Leadership coaching articles, corportate coaching, economics and the currency of trust

The Currency of Trust

In a very real way, the currency in the interchange of people and companies is Trust.

Q'ero Elders and Healer and Shamanic Practioner Susana Sori

Trust Is the Hidden Cash Flow

In a very real way, the currency in the interchange of people and companies is Trust. We can see this clearly in the financial situation which developed in banking in these last few years. It was always the popular trust in the dollar and in the banking system that underwrote everything else. When that trust decreased, the financial system faced peril.

Underlying trust is a demonstration that we are being taken care of. All of us as human beings grew up with our own experiences of trust in our parents and in the world around us, as expressed through a demonstration by our parents and by those people whom we depended upon; a demonstration that showed us that they were taking care of us, that we were safe, and that we could trust being ourselves and have faith in our future.

In part, when a government intercedes and props up the banking system, the government is making an effort to demonstrate that we are being taken care of, that we can trust in the banking system, that we are safe, that we can have faith in the future, that the system will support us and that it will continue.

Trust as a currency is also very important with any organization. An employee needs to experience real life examples that they are being honored, valued and taken care of, and when that happens, trust builds in the relationship of company, employer and employee. In part, the currency which trust supports is the free flow of ideas, creative solutions, constructive feedback, enthusiasm and willingness of employees to give from them selves to the community in which they work.

That trust is easily damaged when employees witness situations where one of them is not honored. For example, the manner in which someone is fired or let go of, lets people know whether that trust is justified. Consider the consequences of when an employee is terminated with little notice and with little regard for their fate, except for their termination package, which both parties are already committed to.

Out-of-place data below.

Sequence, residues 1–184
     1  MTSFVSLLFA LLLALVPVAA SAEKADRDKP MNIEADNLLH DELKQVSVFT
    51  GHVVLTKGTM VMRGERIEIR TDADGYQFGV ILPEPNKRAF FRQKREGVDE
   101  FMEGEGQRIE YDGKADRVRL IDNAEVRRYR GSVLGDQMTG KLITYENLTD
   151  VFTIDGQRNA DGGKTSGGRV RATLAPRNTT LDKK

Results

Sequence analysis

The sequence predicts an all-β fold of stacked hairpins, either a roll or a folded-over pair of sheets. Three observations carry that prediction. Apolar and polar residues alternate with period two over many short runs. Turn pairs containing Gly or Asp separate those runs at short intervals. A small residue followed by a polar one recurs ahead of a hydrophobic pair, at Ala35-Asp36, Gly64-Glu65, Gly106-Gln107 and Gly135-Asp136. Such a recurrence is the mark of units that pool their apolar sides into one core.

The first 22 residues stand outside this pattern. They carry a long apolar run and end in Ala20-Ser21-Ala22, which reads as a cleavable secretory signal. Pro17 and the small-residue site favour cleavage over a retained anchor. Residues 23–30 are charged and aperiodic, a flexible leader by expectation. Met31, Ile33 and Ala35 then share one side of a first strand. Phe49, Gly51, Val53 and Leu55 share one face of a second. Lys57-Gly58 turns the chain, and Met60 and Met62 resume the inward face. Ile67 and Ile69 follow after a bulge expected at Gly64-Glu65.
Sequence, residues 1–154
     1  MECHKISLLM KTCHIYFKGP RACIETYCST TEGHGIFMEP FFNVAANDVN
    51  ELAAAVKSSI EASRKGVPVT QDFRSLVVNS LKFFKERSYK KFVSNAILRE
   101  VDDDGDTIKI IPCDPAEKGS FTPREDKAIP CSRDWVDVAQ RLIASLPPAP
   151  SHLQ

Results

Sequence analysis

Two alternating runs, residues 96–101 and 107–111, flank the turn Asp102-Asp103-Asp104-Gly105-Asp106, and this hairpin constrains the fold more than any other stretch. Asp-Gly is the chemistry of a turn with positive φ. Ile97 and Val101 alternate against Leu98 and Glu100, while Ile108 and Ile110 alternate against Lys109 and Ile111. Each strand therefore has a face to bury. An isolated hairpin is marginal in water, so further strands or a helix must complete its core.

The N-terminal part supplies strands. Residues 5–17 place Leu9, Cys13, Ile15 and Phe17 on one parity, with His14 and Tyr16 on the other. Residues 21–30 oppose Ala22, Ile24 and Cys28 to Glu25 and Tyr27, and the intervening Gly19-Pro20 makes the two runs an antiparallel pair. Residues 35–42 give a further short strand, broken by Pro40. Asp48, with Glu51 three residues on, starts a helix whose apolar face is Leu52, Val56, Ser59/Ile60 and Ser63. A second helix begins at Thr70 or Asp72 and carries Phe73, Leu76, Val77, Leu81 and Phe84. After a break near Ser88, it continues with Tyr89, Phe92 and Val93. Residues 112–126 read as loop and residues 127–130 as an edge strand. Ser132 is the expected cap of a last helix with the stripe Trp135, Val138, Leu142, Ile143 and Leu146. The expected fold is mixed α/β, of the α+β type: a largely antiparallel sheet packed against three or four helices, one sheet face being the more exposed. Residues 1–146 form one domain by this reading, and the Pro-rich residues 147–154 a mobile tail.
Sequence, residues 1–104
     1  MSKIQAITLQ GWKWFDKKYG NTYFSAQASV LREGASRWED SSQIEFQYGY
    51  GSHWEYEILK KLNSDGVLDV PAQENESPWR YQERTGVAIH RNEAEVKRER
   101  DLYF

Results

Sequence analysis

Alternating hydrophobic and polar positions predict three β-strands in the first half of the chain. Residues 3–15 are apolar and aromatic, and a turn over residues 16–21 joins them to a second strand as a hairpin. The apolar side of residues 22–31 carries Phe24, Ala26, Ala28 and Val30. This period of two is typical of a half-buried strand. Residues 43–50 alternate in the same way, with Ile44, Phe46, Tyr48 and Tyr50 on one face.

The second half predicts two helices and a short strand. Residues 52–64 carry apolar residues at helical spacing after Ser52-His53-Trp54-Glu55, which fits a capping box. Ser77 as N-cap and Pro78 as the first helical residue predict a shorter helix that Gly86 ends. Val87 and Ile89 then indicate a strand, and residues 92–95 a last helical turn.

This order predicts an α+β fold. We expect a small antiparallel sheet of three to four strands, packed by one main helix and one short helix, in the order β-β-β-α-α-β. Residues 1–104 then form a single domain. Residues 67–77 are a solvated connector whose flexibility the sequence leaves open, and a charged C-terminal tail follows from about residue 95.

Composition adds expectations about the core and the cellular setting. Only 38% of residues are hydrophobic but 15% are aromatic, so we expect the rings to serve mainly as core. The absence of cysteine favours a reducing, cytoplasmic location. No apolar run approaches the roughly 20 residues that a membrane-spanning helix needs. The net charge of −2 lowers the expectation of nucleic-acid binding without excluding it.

Then consider the difference it would make if the company lets the employee know what is likely to occur, and in addition to the known termination package proceeds to make it their business to try to find another job for the employee and negotiate better terms for the employees' finances through third parties. In other words, the company demonstrates that it may have been forced to make a decision, but it will do all it can to support the employee through their transition process. They in effect, let all of their employees know that they can trust their employer, and that the employees' enthusiasm and trust has not been wasted.

Another example: John, a draftsman, suggests an improvement to a building design to his supervisor, an architectural engineer. If John's idea is criticized or ignored, then John will lose trust in his supervisor. It would even be worse if his supervisor incorporated the idea without giving John the recognition he deserves.

John’s trust would be maintained if his supervisor weighed the suggestion honestly in front of John and reflected his opinion, without dishonoring him. That employee’s trust would grow, if the idea was useful and he was appropriately acknowledged.

The level of trust directly determines the enthusiasm and the degree to which openness and energy flows between employer and employee. In a similar manner, it determines the enthusiasm and openness that flows between a company, its customers and the public. For example, when the recent flaws in Toyota cars became public knowledge it affected trust, and Toyota spent an incredible amount of money and energy to demonstrate that that trust should continue.

Trust is the hidden cash flow. The positive side of trust is even more important. Consider the Apple Corporation a few decades ago. In spite of a number of management decisions that many have questioned, including practically ignoring their Apple II line of computers that was their main source of revenue for several years, people continued to trust the company. That trust was demonstrated in loyalty. Some would argue that it was the cash flow in trust and customer loyalty that saved Apple Corporation during those years.

Many companies are facing ‘those years’ now, and the currency of trust must not be ignored.

Originally Published 2010. Copyright © 2010-2012 by Roman Oleh Yaworsky. All rights reserved.